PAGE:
Life After Service Survey 2016
Executive Summary

The Life After Service Studies (LASS) program of research is designed to further understand the transition from military to civilian life and ultimately improve the health of Veterans in Canada. LASS partners are Veterans Affairs Canada (VAC), the Department of National Defence/Canadian Armed Forces (DND/CAF), and Statistics Canada. LASS 2016 expands on the earlier studies from 2010 and 2013 by including family content and a longitudinal component in two major studies: the survey of health and well-being, and the record linkage for pre- and post-release income trends. This technical report provides initial cross-sectional findings for Regular Force Veterans from the 2016 survey. Additional analysis will be covered in subsequent reports.

LASS 2016 survey data was collected by telephone in February and March 2016 by Statistics Canada interviewers who obtained a 73% response rate. Results describe Veterans who released (at post-entry ranks) from the CAF Regular Force between 1998 and 2015.

Findings indicate that 52% of Veterans reported an easy adjustment to civilian life, while 32% reported difficulty. Officers had a lower rate of difficult adjustment (17%), compared to 29% of Senior Non-Commissioned Members (SrNCM) and 39% of Junior Non-Commissioned Members (JrNCM). Veterans with recent releases (between 2012 and 2015) had a higher rate of difficult adjustment (42%), compared to earlier releases between 1998 and 2012 (29%). Compared to those with earlier releases, these recently-released Veterans had higher rates of service in Afghanistan, fair or poor self-rated mental health and less than 10 years of military service, all factors associated with difficult adjustment.

Veterans reported chronic conditions, including arthritis (29%), depression (21%), anxiety (15%), and post traumatic stress disorder (PTSD) (14%), at higher prevalences than Canadians of comparable age and sex. SrNCM had the highest rate of arthritis (40%), and JrNCM had the highest rates of depression (24%), anxiety (18%), and PTSD (18%). Veterans also reported higher rates than Canadians for hearing problems, pain, and activity limitations. Since LASS 2013, the trend for chronic conditions has been increasing, although not statistically significant.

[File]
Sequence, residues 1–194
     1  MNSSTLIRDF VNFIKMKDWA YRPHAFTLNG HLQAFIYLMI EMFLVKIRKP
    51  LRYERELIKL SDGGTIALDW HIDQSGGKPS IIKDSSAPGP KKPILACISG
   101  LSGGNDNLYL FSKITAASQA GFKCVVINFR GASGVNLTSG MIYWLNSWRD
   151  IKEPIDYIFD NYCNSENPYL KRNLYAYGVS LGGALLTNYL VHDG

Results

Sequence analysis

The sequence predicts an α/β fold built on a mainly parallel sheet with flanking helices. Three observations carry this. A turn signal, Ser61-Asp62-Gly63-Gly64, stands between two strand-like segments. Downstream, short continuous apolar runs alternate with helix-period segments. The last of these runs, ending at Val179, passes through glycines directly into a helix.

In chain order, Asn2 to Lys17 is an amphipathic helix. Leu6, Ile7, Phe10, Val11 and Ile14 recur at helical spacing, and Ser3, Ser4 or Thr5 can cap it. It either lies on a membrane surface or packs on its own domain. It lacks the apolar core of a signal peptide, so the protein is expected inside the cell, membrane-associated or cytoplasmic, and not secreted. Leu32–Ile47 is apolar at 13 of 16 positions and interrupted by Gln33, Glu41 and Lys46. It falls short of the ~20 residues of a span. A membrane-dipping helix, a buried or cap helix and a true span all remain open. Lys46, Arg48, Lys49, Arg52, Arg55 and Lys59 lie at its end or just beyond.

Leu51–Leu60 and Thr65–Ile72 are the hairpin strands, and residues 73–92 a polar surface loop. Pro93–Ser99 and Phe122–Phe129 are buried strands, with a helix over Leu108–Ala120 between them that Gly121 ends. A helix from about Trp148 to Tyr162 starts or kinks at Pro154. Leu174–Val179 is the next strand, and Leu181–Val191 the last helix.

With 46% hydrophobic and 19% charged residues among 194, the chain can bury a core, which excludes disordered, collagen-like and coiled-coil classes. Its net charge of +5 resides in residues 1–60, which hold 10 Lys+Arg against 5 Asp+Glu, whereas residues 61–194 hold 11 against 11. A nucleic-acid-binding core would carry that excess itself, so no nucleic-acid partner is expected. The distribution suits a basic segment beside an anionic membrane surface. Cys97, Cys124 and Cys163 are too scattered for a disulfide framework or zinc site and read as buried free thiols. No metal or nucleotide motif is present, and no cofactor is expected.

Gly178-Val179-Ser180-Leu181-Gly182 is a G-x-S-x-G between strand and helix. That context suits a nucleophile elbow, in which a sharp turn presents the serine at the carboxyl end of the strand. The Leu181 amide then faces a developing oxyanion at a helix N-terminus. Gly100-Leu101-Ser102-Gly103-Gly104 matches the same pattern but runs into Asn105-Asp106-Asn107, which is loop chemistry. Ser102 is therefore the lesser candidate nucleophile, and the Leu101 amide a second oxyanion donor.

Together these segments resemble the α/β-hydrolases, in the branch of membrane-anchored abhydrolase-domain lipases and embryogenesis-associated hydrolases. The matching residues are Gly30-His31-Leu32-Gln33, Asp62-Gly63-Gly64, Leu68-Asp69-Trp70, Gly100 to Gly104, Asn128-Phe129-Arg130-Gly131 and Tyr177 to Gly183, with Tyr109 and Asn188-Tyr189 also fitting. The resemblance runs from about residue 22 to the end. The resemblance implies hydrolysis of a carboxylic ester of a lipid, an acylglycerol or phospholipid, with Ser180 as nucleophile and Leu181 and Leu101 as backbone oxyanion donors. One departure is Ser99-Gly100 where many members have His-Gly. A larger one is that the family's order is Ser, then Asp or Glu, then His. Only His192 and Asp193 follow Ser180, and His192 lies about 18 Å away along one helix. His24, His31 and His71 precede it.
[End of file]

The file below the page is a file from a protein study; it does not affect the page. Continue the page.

Most Veterans were employed (65%). SrNCM had a lower employment rate (57%) compared to Officers (64%), and JrNCM (70%). The unemployment rate for Veterans was 8%, similar to Canadians of comparable age and sex. Non-labour force activities for Veterans included retirement (16%), on disability (8%), and training (5%). Since LASS 2013, the trend for non-labour force activities has been increasing, although not statistically significant.

Some Veterans experienced low income (4%). This was lower than Canadians of comparable age and sex (14%), and has not changed since LASS 2013. JrNCM had the highest rate (6%). Most Veterans were satisfied with their finances (69%), and has decreased since LASS 2013 (74%). Officers had a higher satisfaction rate (85%) compared to SrNCM (75%), and JrNCM (60%).

LASS 2016 included new content on families. When asked about the effect their release had on the family, most Veterans reported that the transition was easy for their partner (57%) and their children (60%). However, 28% of Veterans indicated their partners had difficulty with their release, and 17% reported their children had difficulty with their release.

LASS findings have provided evidence to inform the efforts of both VAC and DND/CAF to support transition to civilian life. LASS 2016 findings will continue to contribute to improvements to programs, benefits, communications and outreach, to ultimately improve the health and well-being of Veterans in Canada.

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